8. Royston Maldoom, Berlin, Germany

Royston Maldoom has been the initiator and leader of numerous dance projects all around the globe for the past 30 years. His work was especially honoured by the movie “Rhythm is it”! which received the German Lola Movie Award for best documentary film in 2005 and reached large audiences world-wide.

I can’t remember the first time I met Royston but I think it was in the late 1970’s at the long disbanded EMMA Dance Company headquarters  in Loughborough.  Our paths have crossed  on many occasions since. He played the title role in “Dracula” at Dundee Rep in a production I directed. We worked together in the early days of setting up Dundee Rep Dance Company and he became a friend, a mentor and an inspiration to me.

The influences on one’s lives are many,  but some stand above the rest, and watching Royston work with the communities of Fife and Tayside for the first time was one of those transforming and memorable moments. Every community project I have done since owes something to that moment. Insignificant in some ways – turning up to a village hall in Fife and watching a dance class – but the beginnings of a movement, a philosophy, a methodology that I have developed ever since.

He has worked in an amazing range of community environments around the world, alway striving to create a great artistic event and always believing in the abilities and talent of the young people he worked with to achieve this. Some have ended up in major companies all over the world and some feel that their time with Royston gave them hope, self esteem and confidence to follow the lives they wanted to lead.

Rhythm Is It’ – Film with 250 kids Sir Simon Rattle and Royston                        Watch presentation by Royston

His perception of community dance is “to dance with anyone, anywhere, at any time” regardless of their experience, age, gender or social or ethnic background. He particularly enjoys working with groups that are intercultural, differently abled, and inter-generational.

When he was twenty years old, studying agriculture, he saw a movie of the Royal Ballet. His passion for dance was awakened and he immediately joined a local Cambridge dance school.

From 1980 to 1983, he was Dance-Artist-in-Residence for Fife/Scotland. During that time he organised numerous workshops, summer schools and dance festivals, founded community dance groups for teenager and adults and began to develop his philosophy of Community Dance.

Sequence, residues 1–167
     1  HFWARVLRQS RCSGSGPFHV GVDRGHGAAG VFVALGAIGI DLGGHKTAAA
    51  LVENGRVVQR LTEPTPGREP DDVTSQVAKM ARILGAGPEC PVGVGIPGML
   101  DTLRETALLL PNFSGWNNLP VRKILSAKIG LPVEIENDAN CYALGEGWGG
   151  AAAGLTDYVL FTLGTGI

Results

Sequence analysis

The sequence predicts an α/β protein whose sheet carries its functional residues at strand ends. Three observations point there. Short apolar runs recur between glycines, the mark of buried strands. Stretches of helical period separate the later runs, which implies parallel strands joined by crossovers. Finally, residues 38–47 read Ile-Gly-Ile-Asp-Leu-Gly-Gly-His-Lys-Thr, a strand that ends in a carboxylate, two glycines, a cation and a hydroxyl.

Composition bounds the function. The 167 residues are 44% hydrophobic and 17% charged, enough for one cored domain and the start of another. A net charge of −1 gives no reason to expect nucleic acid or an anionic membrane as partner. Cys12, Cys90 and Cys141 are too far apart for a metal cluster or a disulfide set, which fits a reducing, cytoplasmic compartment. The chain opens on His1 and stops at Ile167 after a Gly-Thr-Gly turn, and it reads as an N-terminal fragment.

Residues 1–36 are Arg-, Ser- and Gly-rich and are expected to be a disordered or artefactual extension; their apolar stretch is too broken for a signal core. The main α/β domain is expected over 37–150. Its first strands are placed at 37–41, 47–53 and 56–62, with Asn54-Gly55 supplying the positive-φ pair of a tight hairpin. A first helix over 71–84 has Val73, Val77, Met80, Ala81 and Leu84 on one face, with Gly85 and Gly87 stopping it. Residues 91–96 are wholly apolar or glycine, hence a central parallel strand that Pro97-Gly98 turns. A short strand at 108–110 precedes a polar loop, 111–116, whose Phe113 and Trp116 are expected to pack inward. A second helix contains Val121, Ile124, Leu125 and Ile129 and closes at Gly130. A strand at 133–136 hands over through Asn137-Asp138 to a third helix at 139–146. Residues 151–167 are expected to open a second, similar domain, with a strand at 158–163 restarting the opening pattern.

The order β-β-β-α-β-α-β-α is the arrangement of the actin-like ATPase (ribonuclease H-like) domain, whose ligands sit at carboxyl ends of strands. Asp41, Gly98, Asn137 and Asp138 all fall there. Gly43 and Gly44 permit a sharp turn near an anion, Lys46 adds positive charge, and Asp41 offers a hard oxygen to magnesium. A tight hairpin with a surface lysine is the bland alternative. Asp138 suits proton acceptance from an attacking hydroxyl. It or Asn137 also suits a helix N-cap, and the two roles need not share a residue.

He directed dance projects in Lithuania in 1991 during the independence movement, in Croatia and Bosnia during the Balkan War, in South Africa during Mandela`s election, as well as other projects in Zimbabwe, Georgia and Oregon/USA and others throughout the United Kingdom and abroad.

His international engagement led him to Ethiopia in 1996 where he organized a dance project with 100 street kids. Following the success of this project, they established the Adugna Dance Company, giving young people the opportunity to be educated in dance, choreography, and teaching. On graduation the students were given accreditation by the University of Middlesex, London and many have gone on to work internationally  as choreographers, dancers and teachers.

After many visits through the 70´s, 80´s and 90´s in 2000 Royston Maldoom initiated a project with dancers fo the Ballet of the University of San Marcos, Lima , helping them to set up und deliver community projects with and for socially handicapped children in Peru.  He worked also with catholic and protestant children in Northern Ireland, male and female prisoners, children and adults with learning difficulties, young adults and children in exile, as well as in numerous primary and secondary schools and dance academies.

In the 1990s, Royston began to work  in Germany. From 1989 to 1997 he was the choreographer and artistic director for the German-British Youth Dance Exchange Program in Berlin. From 1990 to 1997 he was choreographer of the European Youth Dance Festival in Duisburg.  During this time he also worked with young adults with physical and learning disabilty from the Caritas Workshop, Moers. He has been guest-choreographer at The Academy for Performing Arts at Frankfurt University. In the last few years he has worked extensively with Philharmonic Orchestras and cultural institutions in Germany.

The dance project “Le Sacre du Printemps” with the Berlin Philharmonic Orchestra under Sir Simon Rattle, in which 250 kids participated, gained popular attention through the movie Rhythm is it! This documentary was awarded the Lola Film Prize in 2005.

Next to other international awards, in 2005 Maldoom received the German Honors Prize in Dance (Deutscher Ehren-Tanzpreis) in Essen for his continuous and groundbreaking engagement for dance throughout the years. For his work with Le Sacre du Printemps with the Berlin Philharmonic Orchestra he, the orchestra, and Sir Simon Rattle received the Special Schiller Award of the City of Mannheim.

In 2006 The Queen presented Royston Maldoom with the Order of The British Empire (O.B.E.) from the British Government for Services To Dance. In 2007 he received the German-British Forum Award for his engagement for the british-german relations in London and the prize of the “Club der Optimisten” in Hamburg.60